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Choosing AML Consolidation Therapy After Remission

Choosing AML Consolidation Therapy After Remission

NEW YORK—Acute myelogenous leukemia (AML) is an aggressive disease. But improved diagnosis with cytogenetic examinations and other special studies have made it possible to select the most effective induction therapy, Frederick R. Appelbaum, MD, told patients at a teleconference sponsored by Cancer Care Inc. and the Leukemia Society of America.

Today, with good supportive care, complete remission can be achieved in most cases, he said. But consolidation therapy is needed after that first remission. Without it, most patients relapse.

“Probably the hardest decision once a patient has achieved complete remission is choosing the subsequent therapy,” said Dr. Appelbaum, director of the Clinical Research Center, Fred Hutchinson Cancer Research Center, and professor and head of the Division of Medical Oncology, University of Washington School of Medicine. He pointed out that cytogenetic risk group, age, and general health often dictate the choice.

The first and standard option for the majority of patients following complete remission is three or four subsequent cycles of intensive chemotherapy similar to the kind used for initial induction—an anthracycline and cytarabine (ara-C).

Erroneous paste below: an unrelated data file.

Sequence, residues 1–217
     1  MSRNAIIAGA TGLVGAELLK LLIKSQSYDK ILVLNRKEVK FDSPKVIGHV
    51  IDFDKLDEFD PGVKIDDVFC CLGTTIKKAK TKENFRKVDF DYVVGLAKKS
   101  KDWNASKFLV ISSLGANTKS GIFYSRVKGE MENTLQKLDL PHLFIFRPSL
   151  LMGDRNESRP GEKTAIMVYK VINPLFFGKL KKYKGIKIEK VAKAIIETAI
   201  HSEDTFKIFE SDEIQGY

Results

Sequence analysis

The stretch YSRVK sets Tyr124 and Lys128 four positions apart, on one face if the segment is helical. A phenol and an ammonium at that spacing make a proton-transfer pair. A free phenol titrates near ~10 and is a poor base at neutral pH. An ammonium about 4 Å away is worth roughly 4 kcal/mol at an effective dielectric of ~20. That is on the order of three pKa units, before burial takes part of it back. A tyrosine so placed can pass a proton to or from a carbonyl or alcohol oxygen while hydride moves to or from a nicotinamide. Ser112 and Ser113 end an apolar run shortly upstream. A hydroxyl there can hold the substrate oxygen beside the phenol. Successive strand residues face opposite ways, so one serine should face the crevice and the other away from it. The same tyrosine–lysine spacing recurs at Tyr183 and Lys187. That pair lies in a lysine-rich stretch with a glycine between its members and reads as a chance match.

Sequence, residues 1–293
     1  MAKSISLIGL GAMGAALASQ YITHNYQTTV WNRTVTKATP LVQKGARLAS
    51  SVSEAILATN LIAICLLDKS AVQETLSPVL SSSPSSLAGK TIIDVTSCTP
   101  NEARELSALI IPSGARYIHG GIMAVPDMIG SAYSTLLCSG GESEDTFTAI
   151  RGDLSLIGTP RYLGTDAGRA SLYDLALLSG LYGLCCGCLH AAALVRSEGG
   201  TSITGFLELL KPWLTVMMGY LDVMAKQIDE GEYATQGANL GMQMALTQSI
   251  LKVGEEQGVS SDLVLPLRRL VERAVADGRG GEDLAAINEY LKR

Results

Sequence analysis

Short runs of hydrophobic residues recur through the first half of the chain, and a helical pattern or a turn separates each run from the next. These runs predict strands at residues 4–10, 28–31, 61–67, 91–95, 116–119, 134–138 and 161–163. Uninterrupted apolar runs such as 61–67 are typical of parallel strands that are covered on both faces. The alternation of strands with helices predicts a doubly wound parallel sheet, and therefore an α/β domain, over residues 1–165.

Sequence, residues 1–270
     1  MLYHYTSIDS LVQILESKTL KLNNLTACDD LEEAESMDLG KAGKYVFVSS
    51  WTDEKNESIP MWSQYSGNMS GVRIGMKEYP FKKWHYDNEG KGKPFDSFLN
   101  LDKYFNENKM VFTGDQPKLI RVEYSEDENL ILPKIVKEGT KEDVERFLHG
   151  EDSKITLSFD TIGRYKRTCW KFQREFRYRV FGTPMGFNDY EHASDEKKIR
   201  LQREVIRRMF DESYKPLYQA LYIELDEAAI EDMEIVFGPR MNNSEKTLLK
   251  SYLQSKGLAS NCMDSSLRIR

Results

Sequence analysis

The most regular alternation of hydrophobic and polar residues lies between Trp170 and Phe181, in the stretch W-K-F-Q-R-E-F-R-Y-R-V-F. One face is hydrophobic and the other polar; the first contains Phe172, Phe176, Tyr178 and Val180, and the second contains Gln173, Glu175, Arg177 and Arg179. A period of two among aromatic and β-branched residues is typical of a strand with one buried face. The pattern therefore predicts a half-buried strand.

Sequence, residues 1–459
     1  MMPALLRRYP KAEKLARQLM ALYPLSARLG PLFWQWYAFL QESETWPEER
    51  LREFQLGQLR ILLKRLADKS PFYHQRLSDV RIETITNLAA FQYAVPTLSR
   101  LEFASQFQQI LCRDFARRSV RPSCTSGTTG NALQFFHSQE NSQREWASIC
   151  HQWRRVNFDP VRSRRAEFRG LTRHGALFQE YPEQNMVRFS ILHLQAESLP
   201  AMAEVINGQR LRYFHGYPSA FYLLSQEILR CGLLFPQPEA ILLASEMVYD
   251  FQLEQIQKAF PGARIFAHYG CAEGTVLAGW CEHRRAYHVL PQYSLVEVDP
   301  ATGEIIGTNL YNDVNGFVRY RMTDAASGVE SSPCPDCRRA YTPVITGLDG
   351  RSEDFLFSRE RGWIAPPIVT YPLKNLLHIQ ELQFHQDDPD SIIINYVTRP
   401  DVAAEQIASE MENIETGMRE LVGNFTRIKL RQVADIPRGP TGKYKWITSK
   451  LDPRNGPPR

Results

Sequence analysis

The M3 subtype of AML, acute promyelocytic leukemia (APL), Dr. Appelbaum said, is uniquely sensitive to the oral drug, all-trans-retinoic acid (ATRA). Combined with chemotherapy, ATRA dramatically increases the cure rate of APL. Randomized trials show that ATRA is useful both during initial induction and as a maintenance therapy.

Following up first remission with an allogeneic bone marrow transplant is an option open to AML patients with an HLA-matched sibling. In the absence of a matched donor, or if the patient is over 55, autologous transplantation is an option, using bone marrow harvested while the patient is in remission.

“Both kinds of transplantation have a far greater likelihood of producing a cure in patients who have failed first-line therapy than does further chemotherapy,” Dr. Appelbaum said, “but the odds of cure for patients who have failed first-line therapy are not as good as when they started initial therapy.”

‘More Risky, Most Beneficial’

Allogeneic transplants, Dr. Appelbaum said, “are more risky but are also the most beneficial. In Seattle, we recommend allogeneic transplant for patients who are less than age 55 because, in our experience, it is the form of therapy that gives patients the very best chance for long-term survival and ultimate cure.”

For older patients or those who don’t have a matched sibling, the alternative is an autologous transplantation. “The outcomes with autologous transplants during first remission are not as good as with allogeneic transplants, but they are better than with conventional chemotherapy and are better tolerated by older patients,” Dr. Appelbaum said. Autologous transplants are often done in patients up to age 65, but most transplant centers will not use either type of transplantation in patients over age 65, he added.